All over on our travels through Europe garbage is omnipresent.  I first experienced it over 15 years ago during “huelgas de basura” (garbage strikes) in Madrid.  For weeks at a time sanitation workers would go on strike and garbage would pile up in the subways and the rats and mice would grow too fat to scurry away from cigarette butt flinging commuters.  Piles of garbage as high as my head piled in some corners of the metro.

More recently, while vacationing in Crete, I decided to go snorkeling on one of the famous “black beaches.”  What did I see at the bottom?  Tires, typewriters, bottles, cans and debris of gosh knows what else.  I spent about 60 seconds in that water.

Graffiti adorns every block of historical Prague.  Churches, museums, even the castle is not immune.  I’m not talking the Lennon wall here either, folks.

Everyone in Europe talks green but my personal experience is that most of it is out of ignorance or plain old bluster.  To put it to the test, I tried to recycle some electronics one Saturday last year and found myself taking a 40 minute drive to the other side of town to the only sanctioned junk yard only to be told that they wouldn’t accept and old stereo.  They didn’t like my Czech ID and told me no.  I eventually forced it on them.  No wonder people leave so much crap on the side of the road.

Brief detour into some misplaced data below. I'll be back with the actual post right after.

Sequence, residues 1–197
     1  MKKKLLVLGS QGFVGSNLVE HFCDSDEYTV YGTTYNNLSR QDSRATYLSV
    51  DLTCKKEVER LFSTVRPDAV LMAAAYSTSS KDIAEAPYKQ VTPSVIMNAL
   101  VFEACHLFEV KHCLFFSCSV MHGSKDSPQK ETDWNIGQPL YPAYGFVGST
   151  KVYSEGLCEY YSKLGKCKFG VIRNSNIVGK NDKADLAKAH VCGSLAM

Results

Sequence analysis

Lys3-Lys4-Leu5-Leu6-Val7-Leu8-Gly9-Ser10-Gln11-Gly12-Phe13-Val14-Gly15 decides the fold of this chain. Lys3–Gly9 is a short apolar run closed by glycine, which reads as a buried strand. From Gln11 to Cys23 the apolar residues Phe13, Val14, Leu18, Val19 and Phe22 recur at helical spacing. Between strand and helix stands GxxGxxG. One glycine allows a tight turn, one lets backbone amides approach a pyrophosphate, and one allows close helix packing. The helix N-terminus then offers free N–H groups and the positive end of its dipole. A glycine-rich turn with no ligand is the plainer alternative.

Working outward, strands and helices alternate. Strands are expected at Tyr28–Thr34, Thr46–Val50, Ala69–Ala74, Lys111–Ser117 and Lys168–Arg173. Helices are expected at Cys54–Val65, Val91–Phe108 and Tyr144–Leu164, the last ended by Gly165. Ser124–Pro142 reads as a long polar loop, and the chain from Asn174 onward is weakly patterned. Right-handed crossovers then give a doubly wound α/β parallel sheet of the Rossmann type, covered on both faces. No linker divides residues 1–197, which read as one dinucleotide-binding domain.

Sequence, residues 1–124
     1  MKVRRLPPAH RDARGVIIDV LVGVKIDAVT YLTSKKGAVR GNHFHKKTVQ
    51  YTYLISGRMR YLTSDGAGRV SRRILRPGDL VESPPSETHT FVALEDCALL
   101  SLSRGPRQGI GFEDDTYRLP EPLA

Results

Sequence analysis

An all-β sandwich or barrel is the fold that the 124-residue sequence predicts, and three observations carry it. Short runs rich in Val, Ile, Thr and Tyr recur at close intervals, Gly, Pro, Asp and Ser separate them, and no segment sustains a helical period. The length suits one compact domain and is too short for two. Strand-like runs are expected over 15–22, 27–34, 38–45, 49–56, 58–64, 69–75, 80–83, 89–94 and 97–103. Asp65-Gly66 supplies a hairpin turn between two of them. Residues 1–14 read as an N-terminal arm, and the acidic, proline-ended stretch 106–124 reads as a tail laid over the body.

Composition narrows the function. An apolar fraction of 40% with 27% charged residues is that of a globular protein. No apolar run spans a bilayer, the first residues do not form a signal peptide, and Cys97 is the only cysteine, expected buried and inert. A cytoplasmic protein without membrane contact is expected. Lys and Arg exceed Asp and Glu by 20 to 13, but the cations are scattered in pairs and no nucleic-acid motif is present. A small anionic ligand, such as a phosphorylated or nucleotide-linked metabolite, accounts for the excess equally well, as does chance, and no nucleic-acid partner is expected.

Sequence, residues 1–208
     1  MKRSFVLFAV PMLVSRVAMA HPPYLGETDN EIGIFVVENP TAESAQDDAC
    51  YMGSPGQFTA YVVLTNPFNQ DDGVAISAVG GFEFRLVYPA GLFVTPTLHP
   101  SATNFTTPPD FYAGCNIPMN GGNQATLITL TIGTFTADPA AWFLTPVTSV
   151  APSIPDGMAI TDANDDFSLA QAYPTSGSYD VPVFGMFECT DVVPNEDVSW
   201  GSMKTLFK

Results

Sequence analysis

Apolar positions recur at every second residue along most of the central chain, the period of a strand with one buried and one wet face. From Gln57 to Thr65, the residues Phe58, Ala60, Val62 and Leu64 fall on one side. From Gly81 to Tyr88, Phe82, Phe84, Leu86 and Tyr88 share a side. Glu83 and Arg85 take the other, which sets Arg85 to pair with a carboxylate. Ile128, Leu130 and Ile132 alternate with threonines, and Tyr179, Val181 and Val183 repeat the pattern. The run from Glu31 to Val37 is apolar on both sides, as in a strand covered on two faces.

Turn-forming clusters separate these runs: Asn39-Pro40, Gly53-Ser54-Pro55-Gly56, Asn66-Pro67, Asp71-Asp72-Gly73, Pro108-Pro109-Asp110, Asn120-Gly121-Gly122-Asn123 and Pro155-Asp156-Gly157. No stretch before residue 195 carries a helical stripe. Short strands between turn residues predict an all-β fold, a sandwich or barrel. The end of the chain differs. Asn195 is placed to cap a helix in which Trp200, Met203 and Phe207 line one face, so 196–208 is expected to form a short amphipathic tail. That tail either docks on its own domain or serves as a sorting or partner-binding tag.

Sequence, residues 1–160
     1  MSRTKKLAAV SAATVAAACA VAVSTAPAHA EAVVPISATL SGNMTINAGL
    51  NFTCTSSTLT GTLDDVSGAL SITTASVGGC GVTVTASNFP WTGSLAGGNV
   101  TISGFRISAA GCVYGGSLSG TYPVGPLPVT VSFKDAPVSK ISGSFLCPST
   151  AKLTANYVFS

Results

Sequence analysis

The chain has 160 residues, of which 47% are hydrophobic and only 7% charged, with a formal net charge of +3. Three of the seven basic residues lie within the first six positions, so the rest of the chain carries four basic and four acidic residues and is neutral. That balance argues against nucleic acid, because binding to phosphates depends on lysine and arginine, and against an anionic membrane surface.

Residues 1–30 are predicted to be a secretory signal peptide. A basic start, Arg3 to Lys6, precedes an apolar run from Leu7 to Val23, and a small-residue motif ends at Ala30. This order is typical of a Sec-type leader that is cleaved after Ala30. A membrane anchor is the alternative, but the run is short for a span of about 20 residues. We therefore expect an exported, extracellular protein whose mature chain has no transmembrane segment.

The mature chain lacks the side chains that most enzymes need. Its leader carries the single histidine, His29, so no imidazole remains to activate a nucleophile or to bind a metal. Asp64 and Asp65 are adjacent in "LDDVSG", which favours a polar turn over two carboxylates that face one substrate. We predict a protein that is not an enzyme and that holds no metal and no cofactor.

When my generation grew up in America, we were repeatedly bludgeoned over the head with “don’t litter” campaigns, Woodsie the Owl saying, “Give a hoot, don’t pollute,” and even some ill fated kangaroo that tried reverse psychology in personal responsibility by proclaiming, “Let George do it!”  However, it worked.  I don’t do it.  Not even a tapa napkin.  On the other hand it’s quite obvious that Europeans have had none of that in their daily lives.  Or, if so, they didn’t pay attention.

I can go on about European hypocrisy.  They say the American lifestyle is unhealthy?  OK, compare them to infamous European smokers – not only the French.  Americans are fat?  Have one look at an Italian beach and you’ll believe that all American tourists have traveled to Italy,  are tanned and speak Italian while gesturing wildly.  Loud, ugly Americans?  Have you ever been in a beerhall in any of these countries?  Obnoxious?  Have you ever stood next to an unshowered French smoker?  Pushy?  Have you ever stood in a Czech excuse for a “line?”  Rude?  Have you experienced what passes for customer service in Europe?  Vulgar?  Ever seen a British stag party?

Having lived here over five years tends to strip away a portion of the romanticism of the idealized Europe.  Don’t get me wrong, living here is still great.  I just don’t think the Europeans have a leg to stand on when the claim superiority in so many different ways.  I’m not saying that America isn’t without problems of its own.  I’m just saying we’re not the only ones.